Murder on Mokulua Drive
~ February 2018
~

Prospect for Murder

FINALIST, Mystery/Suspense

WINNER, Cover Art 6x9 Fiction

2017 New Mexico-Arizona Book Awards

Copyright from 2017© Jeanne Burrows-Johnson

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ANOTHER RECIPE FOR YOUR ISLAND PĀ`INA  


Here is a taste treat that will brighten the dessert tray at any event...and one that encourages the sharing of adventures in travel and cuisine.  You may already know the taste of lilikoi because this is the Hawaiian name for passion fruit [passiflora edulis forma flavicarpa].  Don't be put off by all the seeds in the tart fruit; they are edible.  During my two decades in the Islands, one of my favorite drinks was a mix of orange and lilikoi juices.  In Hawai`i, the best way to ensure your canned drink is cool at a brown-bag lunch is to freeze the can overnight.


Auntie Beth's Lilikoi Pie

As with all of the recipes I share, the portions of ingredients can be adapted to your taste and your supplies. 


LILIKOI CUSTARD INGREDIENTS

3      Eggs  [large]

1      Cup Sugar

4      Ounces Lilikoi juice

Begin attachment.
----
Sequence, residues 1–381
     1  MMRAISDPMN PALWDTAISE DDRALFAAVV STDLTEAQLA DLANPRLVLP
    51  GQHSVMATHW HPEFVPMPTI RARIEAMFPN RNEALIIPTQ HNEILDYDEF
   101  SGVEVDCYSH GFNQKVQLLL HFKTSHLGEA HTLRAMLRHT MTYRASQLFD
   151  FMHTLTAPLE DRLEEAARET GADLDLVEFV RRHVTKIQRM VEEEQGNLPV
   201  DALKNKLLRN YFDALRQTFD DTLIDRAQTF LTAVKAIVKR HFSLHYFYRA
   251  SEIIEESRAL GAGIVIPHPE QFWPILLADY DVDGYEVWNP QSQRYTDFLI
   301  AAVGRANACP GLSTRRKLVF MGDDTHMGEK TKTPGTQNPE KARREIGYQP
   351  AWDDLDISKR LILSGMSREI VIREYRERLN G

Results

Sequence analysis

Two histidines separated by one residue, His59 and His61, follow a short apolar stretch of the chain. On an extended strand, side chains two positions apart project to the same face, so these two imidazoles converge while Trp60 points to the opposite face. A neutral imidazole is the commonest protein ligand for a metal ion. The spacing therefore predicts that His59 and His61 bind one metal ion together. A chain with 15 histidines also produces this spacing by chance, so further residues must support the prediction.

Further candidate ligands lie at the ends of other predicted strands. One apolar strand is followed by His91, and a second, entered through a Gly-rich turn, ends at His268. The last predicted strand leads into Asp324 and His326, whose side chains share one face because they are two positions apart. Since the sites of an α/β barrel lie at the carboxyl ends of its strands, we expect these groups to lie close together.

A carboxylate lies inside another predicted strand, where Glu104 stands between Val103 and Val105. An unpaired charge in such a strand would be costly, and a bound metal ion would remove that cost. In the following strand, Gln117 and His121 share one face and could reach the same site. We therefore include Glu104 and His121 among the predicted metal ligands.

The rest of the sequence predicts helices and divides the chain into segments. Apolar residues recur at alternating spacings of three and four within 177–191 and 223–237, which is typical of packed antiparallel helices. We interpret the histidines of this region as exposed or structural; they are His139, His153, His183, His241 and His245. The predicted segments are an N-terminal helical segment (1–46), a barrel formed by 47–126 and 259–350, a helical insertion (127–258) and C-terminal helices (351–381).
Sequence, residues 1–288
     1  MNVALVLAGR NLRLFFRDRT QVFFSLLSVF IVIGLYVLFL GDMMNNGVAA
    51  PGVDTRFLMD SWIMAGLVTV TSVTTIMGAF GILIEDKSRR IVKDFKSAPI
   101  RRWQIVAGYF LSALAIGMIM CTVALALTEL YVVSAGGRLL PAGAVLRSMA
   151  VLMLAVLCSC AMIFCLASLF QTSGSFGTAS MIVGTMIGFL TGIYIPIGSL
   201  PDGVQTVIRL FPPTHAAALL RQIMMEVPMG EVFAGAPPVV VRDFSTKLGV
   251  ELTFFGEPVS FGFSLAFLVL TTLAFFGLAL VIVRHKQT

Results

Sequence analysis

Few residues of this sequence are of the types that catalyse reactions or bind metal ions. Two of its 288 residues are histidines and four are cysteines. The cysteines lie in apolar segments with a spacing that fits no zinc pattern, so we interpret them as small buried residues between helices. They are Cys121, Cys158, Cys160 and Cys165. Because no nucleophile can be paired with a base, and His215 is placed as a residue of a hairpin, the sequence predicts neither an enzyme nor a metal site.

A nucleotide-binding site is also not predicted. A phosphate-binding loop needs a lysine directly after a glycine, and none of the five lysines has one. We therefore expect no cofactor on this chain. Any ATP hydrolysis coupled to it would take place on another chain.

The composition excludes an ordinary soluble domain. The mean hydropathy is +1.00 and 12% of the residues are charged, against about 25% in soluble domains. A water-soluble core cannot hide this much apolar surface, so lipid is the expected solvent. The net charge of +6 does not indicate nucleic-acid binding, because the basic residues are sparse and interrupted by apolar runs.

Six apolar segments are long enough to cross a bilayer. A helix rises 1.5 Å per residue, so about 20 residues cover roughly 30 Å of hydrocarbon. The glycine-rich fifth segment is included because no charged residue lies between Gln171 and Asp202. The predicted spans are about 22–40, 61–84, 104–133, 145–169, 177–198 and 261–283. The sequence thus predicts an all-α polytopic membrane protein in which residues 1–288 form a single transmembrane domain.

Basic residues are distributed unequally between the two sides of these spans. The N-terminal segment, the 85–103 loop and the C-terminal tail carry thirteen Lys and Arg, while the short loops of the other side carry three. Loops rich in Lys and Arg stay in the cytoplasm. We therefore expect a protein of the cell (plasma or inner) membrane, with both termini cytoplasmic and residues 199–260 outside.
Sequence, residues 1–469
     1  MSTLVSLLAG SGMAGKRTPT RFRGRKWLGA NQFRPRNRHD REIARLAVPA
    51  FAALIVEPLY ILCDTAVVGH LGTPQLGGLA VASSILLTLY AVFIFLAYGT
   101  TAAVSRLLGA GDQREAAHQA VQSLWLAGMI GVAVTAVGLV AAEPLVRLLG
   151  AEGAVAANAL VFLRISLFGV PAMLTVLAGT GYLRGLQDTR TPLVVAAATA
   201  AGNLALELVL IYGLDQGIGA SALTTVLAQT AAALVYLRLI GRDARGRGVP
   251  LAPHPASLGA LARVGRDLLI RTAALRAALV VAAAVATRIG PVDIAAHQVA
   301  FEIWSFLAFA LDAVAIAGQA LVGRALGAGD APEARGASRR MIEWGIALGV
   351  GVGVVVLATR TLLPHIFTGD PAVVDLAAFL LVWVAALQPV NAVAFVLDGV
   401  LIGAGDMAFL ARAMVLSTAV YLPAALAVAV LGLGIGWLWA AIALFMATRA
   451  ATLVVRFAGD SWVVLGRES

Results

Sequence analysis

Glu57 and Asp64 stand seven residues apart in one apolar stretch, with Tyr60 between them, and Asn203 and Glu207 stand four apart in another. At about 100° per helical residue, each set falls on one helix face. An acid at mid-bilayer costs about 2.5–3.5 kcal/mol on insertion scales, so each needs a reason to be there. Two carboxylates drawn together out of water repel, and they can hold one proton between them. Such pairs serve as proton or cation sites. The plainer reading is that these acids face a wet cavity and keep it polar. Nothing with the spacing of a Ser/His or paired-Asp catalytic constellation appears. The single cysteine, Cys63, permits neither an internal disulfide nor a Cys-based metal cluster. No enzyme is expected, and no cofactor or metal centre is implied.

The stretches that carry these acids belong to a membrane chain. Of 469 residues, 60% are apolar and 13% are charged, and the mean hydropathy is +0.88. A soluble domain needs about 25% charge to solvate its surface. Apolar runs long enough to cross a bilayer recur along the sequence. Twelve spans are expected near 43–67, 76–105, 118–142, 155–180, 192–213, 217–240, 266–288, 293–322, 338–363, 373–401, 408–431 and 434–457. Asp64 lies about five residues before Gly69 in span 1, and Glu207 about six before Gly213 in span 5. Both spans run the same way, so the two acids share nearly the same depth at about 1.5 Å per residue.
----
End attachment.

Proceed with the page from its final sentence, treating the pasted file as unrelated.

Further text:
[lemon juice may be used instead, but increase sugar to 1 ¼ Cups]

PREPARATION

Pour custard into an uncooked pie crust.  A nice alternative is a graham cracker or ginger snap crust pressed into a 10 in. tart pan.  To avoid a soggy crust, brush the pastry with beaten egg white, or a little milk.  Bake at 375 F for 30 minutes or until the center of the custard is set and there is a little sugary crust on top.  Doneness can be verified by gently shaking the pan.  The custard should be fairly firm and golden.

SERVING

Serve with sliced strawberries if desired, with or without a dollop of vanilla bean ice cream or whipped cream.  The presentation may be finished with a sprinkle of crushed food-grade lavender…


This recipe arrived from the kitchen of Auntie Beth, an avid reader and volunteer at the Friends of the Maui Library Bookstore in Kahului, Maui.  Although we have not met personally, we share a mutual friend who lives in Portland, Oregon.  Viki sent Beth a copy of Prospect for Murder, and after responding positively to Natalie and her adventures, Beth donated the book to the library bookstore, where I’m honored to say it was quickly snatched up!  This opened the door to our ongoing communication.  By the way, I’m told that Auntie Beth is quite a baker, so I can’t wait to join you in trying this deviously simple recipe…I only wish I were closer to the Maui lavender farm from which she obtains her fresh lavender!


Another recipe to enhance your reading of the 

​​Natalie Seachrist Hawaiian Mysteries​​

by Jeanne Burrows-Johnson